Since the BAnQ acquired the artist’s archive fund in 2012, he has felt compelled to submit an “artistic will.” He was supported in this task by Sophie Préfontaine, to whom he posed the question: “What would you say if we wrote a document for the community at the same time?” In 2015, this resulted in a guide titled Le testament artistique – l’art de tirer sa révérence, with the support of the Jean-Pierre Perreault Foundation. “It is in the order of things to share what I have had to do for myself with others,” Fortier says, “because everyone will face these questions one day or another. It is essential to serve the environment that gives us life.” For this “natural” dancer who announced his retirement last year, the bequest is a logical extension of his work, in which true generosity has always been expressed. So, if it is unusual, especially for a man, to dance until his seventies, Fortier has chosen to say goodbye to the stage with a show, Solo 70, prepared in 2018 with the energy of new collaborators: Étienne Lepage as director, actor Étienne Pilon and rock musician Jackie Gallant. “It was really a family encompassing the old, the young, the very young, and each learned from the others in an atmosphere of respect,” he says. When he started out, amazing women from contemporary dance showed him the way, but male role models who waltzed with such impressive careers were rare, except for Merce Cunningham in the United States and Kazuo Ohno in Japan.
Then came other peers in the Quebec landscape that he cites as influences, including Benoît Lachambre, José Navas and, more recently, Frédérick Gravel, who rubbed against the solo form. Somehow, Fortier cleared a path and encouraged others to follow it. As he hangs up his gloves, he does not hesitate to make his longevity a subject of reflection on the “aging body” on the occasion of an eminently humble and instructive testimony published in the journal Liberté titled Faire le deuil du corps grandiose. “I will have danced 45 years of my life,” he says. “It is not nothing, it is perhaps too much. I will have danced much more often between ages 58 and 70 than in the years before. I will have danced more often with a declining body than with a body in full possession of its means.” The next decade opens with several projects which are currently on the drawing board, where movement and writing converse in new ways.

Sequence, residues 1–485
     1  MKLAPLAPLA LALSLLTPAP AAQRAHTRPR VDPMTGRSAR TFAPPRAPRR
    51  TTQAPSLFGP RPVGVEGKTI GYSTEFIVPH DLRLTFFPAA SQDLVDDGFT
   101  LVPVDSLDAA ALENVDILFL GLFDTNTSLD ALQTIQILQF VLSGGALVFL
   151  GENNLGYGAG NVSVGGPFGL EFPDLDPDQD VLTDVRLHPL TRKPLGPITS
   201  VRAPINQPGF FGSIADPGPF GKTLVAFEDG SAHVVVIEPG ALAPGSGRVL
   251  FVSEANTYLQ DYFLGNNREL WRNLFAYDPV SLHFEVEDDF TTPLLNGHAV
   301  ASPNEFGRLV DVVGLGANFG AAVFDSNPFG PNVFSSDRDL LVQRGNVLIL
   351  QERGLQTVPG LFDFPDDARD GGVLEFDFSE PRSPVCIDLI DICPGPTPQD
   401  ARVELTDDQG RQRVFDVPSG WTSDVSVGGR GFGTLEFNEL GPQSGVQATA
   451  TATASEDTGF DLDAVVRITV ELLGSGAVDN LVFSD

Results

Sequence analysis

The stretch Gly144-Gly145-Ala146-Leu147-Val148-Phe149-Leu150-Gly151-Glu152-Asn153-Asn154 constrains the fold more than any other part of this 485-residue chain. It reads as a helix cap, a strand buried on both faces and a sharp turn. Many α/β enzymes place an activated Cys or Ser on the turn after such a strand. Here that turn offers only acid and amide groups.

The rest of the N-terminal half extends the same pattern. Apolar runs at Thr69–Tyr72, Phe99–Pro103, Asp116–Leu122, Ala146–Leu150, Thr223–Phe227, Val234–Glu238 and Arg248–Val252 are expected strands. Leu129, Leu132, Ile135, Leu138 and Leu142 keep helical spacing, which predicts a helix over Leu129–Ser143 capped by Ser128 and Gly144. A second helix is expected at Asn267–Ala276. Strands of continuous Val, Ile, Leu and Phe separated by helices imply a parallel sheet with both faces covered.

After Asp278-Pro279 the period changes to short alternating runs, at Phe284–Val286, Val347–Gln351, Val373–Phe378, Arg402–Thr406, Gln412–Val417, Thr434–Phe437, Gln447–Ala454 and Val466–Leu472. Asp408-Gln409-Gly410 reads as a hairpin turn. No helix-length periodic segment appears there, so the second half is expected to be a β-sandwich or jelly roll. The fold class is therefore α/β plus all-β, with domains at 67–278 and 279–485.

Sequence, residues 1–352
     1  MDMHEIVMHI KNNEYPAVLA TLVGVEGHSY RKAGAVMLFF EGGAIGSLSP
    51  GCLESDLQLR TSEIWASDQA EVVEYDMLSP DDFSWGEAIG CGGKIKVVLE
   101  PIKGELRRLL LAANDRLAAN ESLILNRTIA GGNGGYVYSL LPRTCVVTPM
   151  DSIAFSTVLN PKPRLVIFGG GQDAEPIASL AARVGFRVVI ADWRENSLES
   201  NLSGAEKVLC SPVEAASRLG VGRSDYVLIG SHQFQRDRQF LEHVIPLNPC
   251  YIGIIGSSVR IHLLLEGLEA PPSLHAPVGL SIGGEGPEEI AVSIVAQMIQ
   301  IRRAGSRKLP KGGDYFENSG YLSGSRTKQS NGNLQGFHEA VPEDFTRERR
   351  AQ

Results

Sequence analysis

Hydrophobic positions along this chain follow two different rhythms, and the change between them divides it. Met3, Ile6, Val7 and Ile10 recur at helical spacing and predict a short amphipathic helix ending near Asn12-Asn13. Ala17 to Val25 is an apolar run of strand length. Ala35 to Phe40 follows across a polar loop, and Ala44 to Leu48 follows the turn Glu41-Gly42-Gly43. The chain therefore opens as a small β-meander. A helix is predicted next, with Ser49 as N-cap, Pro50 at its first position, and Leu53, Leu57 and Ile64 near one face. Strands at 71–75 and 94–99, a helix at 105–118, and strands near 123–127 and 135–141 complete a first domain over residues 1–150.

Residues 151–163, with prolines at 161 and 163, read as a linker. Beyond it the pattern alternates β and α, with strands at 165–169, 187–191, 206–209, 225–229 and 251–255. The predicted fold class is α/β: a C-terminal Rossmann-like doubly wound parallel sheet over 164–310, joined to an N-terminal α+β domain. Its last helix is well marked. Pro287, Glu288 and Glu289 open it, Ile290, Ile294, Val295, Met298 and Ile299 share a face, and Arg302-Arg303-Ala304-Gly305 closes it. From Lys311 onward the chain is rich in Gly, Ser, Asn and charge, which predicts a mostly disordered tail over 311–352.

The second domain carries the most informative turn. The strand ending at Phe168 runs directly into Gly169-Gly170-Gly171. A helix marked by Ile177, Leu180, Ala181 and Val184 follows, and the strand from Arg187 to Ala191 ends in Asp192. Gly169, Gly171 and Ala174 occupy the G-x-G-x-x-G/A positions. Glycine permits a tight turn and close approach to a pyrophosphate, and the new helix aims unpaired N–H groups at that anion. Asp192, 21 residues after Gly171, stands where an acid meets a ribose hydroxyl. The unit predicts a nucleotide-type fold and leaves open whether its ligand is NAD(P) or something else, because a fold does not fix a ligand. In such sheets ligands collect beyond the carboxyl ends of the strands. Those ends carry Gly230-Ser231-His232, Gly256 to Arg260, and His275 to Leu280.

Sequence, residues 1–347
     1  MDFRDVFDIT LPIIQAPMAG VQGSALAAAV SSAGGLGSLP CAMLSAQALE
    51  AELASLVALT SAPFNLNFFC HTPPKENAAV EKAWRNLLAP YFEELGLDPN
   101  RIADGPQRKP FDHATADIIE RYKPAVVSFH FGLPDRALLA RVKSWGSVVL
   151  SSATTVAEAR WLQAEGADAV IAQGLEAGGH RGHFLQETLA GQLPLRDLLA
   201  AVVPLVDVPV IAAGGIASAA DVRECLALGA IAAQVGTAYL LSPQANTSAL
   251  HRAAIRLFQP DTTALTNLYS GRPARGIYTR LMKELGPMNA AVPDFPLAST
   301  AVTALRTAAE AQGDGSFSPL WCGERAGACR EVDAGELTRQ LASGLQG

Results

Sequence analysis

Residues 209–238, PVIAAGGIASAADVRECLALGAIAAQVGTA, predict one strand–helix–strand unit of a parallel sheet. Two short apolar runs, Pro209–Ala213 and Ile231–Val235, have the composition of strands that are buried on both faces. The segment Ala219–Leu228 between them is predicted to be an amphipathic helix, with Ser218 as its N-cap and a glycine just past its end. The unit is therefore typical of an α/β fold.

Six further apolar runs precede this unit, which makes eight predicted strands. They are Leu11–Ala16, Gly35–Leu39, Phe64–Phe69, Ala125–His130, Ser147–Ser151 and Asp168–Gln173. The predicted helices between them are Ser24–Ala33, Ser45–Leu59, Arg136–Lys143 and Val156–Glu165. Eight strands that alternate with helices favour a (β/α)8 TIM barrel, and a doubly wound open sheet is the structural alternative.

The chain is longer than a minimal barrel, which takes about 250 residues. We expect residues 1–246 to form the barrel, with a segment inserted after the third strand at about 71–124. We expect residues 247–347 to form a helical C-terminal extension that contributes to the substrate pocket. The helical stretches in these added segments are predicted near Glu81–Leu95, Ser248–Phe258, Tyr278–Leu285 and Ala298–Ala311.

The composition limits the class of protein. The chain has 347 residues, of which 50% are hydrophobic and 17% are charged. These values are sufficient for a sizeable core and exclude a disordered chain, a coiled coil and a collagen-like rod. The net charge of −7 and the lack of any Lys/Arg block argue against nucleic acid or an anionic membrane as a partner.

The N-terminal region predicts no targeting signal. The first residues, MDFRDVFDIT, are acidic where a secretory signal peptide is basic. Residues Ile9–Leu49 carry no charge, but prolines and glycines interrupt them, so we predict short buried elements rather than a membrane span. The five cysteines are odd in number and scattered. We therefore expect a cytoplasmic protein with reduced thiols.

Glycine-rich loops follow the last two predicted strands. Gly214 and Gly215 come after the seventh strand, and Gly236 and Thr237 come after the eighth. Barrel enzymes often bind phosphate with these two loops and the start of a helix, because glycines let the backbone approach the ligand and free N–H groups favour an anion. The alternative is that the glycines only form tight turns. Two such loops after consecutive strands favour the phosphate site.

He says for example that a painting by painter, novelist and filmmaker Marc Séguin, which he had coveted for Solo 70, will ultimately be the source of a textual performance whose form he is still exploring. Another intriguing collaboration is research undertaken with Étienne Pilon and for which they have invited Tristan Malavoy to write the text. “Etienne is not a dancer, I am not a director, Tristan is not a playwright,” he says. “So we are three artists who are stretched a little bit out of balance!” And this other small writing project, secluded on the banks of the St. Lawrence, and about which we know little for the moment… “Since I come from a literary background, I have always seen dance as a way of thinking, a mode of expression like writing, in which movement is as powerful as words,” Fortier says. “But whatever work I do, I seek to surprise myself with the result, and that is what is exciting.” One thing is certain: even after so many years of artistic achievement, the audiences of Paul-André Fortier will never cease to be surprised. Translation by Margaret Britt